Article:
You know how, when you go on trips, you sometimes end up with a running joke in your conversations? The joke can be related to an event, a person you met, or a hapless comment made along the way. Well, for Linda’s and my Sedona trip, our running joke was The Vortex.
Because Linda and I are from Minnesota, we were mainly familiar with Polar Vortexes. You know, that’s when all the cold air comes down from the arctic and tries to freeze everything in its path. Although we had heard of Sedona’s reputation as a vortex center before we began our trip, we didn’t know any specifics.
Personally, I just thought the whole place was the site of mysterious energies. Little did I know that there are specific locations and different types of energies to be had.
Let me back up and define the word vortex (plural = vortices or vortexes). Merriam Webster says that a vortex is something that resembles a whirlpool. I assume all of you, dear readers, have watched water swirl down a drain. That’s a whirlpool — except that in Sedona, the swirling involves invisible energy more than it does water or freezing arctic air.
Our Vortextual Education
Our resort offered various programs for its patrons. Among the classes, which had titles like “Crafting a Festive Wine Glass for Christmas,” was one about vortexes. We decided we had to attend to learn more about this phenomenon. The presentation was given by a local Reiki healer.
She described the concept of vortexes and said the energies involved come from the rocks because of their mineral composition. She passed out a sheet that listed eight locations that are thought to be vortices and it described their different kinds of energies.
Some of the energies come out of the rocks (upflow), some flow into the rock (inflow), some are combinations of upflow and inflow, and some are horizontal (lateral). The lateral flow places involve the energy from nearby rivers and streams.
The sheet she gave us was an excerpt from a book entitled, “Scientific Vortex Information,” which was written by an author who claims to have been educated at the Massachusetts Institute of Technology.
I don’t know. The title seemed like an oxymoron. “Science” and “Vortex” don’t really go together in my world, where I move among scientists every day. I suspected there wasn’t that much science behind the information — more like wishful, imaginative thinking.
Once I got back home, I looked inside the first few pages of the book on Amazon, hoping to see proof that scientific instruments were used to actually measure electromagnetic fields at these locations, but all I saw were explanations of inflow and outflow, with nary any hard proof in sight.
But that’s okay. We weren’t in Sedona for the science. We were there for the experience. We were there for . . . The Vortex!
Our Vortextual Experiences
While looking at the list of locations, Linda and I discovered we had already visited a vortex the previous day. The site was Airport Mesa, which is easy to access because it’s right in town.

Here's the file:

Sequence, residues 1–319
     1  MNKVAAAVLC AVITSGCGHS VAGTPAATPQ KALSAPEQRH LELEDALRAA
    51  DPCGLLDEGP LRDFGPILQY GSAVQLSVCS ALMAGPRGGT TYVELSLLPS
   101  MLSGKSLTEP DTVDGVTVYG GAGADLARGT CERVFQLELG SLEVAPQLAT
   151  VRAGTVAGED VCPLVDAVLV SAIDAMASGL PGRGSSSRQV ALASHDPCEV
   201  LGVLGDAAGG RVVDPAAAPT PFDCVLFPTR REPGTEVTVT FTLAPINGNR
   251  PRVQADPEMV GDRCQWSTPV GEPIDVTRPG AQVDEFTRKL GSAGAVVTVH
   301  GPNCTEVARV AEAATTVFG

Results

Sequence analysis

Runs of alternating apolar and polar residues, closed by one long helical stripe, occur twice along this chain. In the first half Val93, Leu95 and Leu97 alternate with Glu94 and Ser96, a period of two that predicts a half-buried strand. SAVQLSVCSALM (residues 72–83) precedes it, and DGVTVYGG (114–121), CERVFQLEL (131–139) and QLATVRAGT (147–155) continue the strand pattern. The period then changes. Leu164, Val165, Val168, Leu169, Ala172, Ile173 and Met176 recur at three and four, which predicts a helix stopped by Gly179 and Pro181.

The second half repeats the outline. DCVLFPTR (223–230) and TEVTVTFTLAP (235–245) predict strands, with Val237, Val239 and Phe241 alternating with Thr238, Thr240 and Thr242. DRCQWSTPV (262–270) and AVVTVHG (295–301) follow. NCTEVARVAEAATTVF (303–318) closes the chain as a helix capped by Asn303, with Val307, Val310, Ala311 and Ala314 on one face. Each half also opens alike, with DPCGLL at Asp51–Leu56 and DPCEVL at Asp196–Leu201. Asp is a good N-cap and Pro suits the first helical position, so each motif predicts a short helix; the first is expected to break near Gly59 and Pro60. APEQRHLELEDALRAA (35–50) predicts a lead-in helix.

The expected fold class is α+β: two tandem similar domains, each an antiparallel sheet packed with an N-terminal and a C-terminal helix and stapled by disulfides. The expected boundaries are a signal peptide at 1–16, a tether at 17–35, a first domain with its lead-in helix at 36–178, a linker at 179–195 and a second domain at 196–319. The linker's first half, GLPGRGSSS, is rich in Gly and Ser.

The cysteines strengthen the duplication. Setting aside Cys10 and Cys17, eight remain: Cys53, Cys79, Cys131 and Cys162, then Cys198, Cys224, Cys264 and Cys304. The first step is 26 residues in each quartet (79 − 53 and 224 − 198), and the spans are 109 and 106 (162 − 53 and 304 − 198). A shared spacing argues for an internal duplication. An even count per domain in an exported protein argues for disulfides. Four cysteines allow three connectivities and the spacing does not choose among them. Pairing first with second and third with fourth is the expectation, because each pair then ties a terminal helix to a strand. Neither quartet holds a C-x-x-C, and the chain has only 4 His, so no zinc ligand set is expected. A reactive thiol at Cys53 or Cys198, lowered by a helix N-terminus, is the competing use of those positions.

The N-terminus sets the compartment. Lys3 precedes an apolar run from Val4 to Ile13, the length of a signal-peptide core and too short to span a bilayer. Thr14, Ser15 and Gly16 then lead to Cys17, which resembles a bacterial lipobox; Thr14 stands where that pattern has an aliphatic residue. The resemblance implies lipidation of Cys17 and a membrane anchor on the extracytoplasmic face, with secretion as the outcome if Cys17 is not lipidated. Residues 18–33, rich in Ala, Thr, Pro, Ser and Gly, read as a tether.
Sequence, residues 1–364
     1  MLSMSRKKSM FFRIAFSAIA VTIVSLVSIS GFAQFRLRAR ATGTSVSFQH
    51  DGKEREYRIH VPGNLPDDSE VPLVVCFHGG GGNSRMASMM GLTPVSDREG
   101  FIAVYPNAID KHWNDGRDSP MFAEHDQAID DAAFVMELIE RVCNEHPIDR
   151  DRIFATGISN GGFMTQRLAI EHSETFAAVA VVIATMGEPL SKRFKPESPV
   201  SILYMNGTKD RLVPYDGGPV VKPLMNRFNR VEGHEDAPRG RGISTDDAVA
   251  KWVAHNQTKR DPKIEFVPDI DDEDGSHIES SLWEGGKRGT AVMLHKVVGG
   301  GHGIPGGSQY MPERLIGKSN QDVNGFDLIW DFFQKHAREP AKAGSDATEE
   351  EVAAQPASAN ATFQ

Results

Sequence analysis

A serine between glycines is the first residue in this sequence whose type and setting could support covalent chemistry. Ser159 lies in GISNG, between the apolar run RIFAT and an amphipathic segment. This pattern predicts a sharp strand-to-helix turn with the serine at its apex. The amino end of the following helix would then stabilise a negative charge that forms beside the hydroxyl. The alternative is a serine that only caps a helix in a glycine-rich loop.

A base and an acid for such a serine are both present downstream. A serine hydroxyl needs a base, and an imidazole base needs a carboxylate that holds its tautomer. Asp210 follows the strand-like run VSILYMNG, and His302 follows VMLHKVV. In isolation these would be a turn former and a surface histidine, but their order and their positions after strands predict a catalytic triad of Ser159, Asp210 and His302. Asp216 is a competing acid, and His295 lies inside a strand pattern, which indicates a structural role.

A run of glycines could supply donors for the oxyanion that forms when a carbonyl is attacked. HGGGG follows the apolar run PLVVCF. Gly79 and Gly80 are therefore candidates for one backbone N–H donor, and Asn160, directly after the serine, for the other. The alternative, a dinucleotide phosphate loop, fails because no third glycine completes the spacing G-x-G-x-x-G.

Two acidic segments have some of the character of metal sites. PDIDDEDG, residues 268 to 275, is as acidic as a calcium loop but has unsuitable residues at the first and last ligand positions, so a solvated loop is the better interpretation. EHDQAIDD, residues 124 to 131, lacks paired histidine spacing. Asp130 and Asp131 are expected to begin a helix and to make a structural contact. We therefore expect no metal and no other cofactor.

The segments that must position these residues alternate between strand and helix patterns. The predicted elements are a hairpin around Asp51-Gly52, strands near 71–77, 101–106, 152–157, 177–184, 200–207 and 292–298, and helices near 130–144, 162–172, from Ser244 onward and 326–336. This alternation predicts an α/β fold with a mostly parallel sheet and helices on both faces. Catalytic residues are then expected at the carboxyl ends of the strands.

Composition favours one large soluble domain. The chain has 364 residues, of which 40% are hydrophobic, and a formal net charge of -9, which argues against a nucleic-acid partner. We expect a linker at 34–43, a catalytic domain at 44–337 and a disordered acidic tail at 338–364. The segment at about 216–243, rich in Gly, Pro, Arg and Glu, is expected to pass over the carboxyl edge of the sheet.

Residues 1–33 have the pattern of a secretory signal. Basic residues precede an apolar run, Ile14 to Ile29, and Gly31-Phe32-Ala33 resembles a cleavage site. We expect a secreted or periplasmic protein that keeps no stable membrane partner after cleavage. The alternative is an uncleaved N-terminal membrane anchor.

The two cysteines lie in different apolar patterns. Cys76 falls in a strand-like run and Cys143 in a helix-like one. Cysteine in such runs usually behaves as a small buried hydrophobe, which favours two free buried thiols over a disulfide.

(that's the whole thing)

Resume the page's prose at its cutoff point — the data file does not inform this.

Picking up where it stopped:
While we were enjoying the view there, we had noticed a couple of people sitting on the rocks in a lotus position. We didn’t think much of it – maybe they were just doing it because the scenic view inspired meditation. But after reading the list, we knew better. Those lotus people were trying to feel The Vortex.
We decided we needed to try that. Our journey the next day involved a trip north to Flagstaff, so we made plans to stop at the Oak Creek Canyon Overlook, which is on the way. The overlook scenic vista is located at the top of the switchbacked road at the end of the canyon about 15 miles from Sedona. A short walk on a paved path leads to an impressive overlook.
I sat on a bench near the overlook and Linda stood near the wall. Neither of us were hard core enough at this point to get into a lotus position (which is sort of hard on a bench, after all). So we just closed our eyes and tried to feel the feels.
I felt my own internal vortex more than any external one. My heartbeat rocked my body and made it sway a little. The Arizona sun felt good on my face and the breeze whispered its secrets.
After having our moments, we conferred. Linda said she didn’t really feel anything. We walked back to our car, but along the way, we stopped to look at some Navaho jewelry being sold at stand along the walkway. I was drawn like a magnet to one ring that featured a bright blue opal. I picked it up and it fit perfectly. I had to buy it.
We joked later that The Vortex made me do it. Who knows, maybe it did? It was like the ring was calling to me.
A few days later, after a day of hiking, we visited Cathedral Rock, which is thought to be home to an upflow/inflow combination vortex. We hiked up to the flat rock plateau below the formation.
Someone had scratched two spirals into the rock about ten feet away from each other. Linda and I thought they looked like logical places to sit for people like us who were trying to find a vortex, so we sat with legs crossed and eyes closed.
The day had been breezy, but not particularly so. A few moments after we got into position, big gusts of wind started buffeting us. They were so powerful that Linda’s hat flew off.
We opened our eyes and quickly stood, spooked. The wind stopped.
We headed down the rock toward our car. We didn’t joke as much about vortexes after that.